The censorship is conducted through surveillance techniques. The most common technique is that known as “deep packet inspection, or DPI.  DPI is carried out on three different levels: shallow, medium and deep [7]. Stalla-Boudillon, Papadaki and Chow define DPI as, “technologies [which] are able to make anything that happens on a network visible and recordable. They do, however add an important caveat that, “this is only possible when the payload is in plain text” and further point out that, “where encryption is used the ISP would then need to be able to break the encryption in order to inspect the payload.”[8] Of course, as might be imagined, government agencies, such as the National Security Agency (NSA) are capable of easily decoding and breaking down even encrypted materials.

Two major weaknesses inherent to the framework and architecture of the internet itself and which expose it to attacks from the outside are the fact that the internet was designed as an isolated end user application. This means that each individual must be responsible for their own cyber security in the long run. Secondly, Virtual Private Networks, (VPNs) were an unforeseen afterthought in the development of internet communications but pose a threat to cyber security. Another important concern, besides crime, terrorism and copyright infringement, raised in the recent European debates on NN, has been that equal access to all might well weaken the campaign against child abuse images and materials [9].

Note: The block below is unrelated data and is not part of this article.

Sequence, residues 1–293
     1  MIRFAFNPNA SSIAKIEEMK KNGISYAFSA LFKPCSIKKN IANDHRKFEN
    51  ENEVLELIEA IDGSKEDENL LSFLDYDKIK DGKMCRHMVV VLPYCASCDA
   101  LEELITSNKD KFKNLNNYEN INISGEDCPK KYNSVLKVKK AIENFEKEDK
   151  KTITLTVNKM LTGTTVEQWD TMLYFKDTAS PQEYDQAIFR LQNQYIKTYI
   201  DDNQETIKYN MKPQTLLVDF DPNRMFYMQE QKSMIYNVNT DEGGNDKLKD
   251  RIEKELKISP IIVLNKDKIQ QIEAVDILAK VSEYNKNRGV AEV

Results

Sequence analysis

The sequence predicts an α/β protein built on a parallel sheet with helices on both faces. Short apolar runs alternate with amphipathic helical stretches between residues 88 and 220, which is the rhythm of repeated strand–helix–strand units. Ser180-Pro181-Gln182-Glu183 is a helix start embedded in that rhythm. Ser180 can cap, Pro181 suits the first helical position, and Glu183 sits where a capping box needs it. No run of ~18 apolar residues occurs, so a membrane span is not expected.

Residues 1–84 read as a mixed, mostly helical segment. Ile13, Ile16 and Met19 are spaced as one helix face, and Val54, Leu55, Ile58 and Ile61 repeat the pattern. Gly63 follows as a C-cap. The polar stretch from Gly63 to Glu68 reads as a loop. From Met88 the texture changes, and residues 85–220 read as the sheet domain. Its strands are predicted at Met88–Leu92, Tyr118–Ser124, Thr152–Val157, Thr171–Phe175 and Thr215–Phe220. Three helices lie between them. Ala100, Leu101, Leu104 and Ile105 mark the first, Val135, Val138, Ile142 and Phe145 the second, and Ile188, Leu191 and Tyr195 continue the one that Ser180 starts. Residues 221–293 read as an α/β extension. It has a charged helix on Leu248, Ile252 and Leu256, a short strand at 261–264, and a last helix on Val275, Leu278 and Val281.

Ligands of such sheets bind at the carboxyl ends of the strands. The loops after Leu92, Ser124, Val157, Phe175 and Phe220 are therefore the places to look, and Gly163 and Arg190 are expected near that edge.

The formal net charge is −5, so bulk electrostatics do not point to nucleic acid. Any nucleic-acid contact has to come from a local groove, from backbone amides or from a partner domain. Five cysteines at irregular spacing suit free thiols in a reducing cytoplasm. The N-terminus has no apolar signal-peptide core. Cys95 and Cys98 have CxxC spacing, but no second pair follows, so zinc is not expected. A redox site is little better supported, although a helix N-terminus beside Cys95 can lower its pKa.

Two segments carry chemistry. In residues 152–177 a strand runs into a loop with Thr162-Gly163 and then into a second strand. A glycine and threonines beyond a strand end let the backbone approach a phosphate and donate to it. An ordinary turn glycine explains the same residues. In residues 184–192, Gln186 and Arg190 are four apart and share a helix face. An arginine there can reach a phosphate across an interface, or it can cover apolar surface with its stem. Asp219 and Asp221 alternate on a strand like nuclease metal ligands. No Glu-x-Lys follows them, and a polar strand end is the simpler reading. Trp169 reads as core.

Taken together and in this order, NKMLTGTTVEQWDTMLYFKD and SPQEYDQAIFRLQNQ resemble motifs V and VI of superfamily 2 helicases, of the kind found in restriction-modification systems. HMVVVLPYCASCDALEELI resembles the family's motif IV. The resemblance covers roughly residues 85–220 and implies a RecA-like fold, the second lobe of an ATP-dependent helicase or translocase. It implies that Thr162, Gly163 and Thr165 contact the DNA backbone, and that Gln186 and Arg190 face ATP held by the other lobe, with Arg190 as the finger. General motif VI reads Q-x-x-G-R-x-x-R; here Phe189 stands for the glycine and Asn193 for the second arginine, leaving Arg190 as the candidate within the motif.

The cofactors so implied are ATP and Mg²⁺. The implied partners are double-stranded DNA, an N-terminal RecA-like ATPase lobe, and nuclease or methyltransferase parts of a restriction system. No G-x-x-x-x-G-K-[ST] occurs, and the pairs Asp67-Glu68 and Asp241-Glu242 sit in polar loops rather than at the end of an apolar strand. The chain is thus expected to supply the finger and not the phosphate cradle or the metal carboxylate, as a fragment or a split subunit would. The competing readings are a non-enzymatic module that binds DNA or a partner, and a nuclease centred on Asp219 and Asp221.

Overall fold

Thus the concerns are real and they are significant. Part of the Obama administration’s plans to enhance cyber security, are founded upon a more intensive effort to combat both terrorism and cyber crime using advanced security methods, inspection and protocols. It is evident that such a program would necessarily conflict directly and importantly with the concepts embodied in net neutrality, where all bytes are created ostensibly equal. In one of the very few articles dedicated to examining the issues in a clear and straight forward manner, NetCompetition pointed out several of the evident discrepancies in the Obama administration’s rhetoric concerning net neutrality and cybersecurity. It is even more astonishing that this article is so incredibly prescient when considering it was written 6 years ago. Obama referred to cyber-attacks with the rather “cutesy” and disingenuous epithet of “weapons of mass disruption. Yet the fact that the administration has made it a priority speaks volumes about the approach they intend to adopt in the future [10].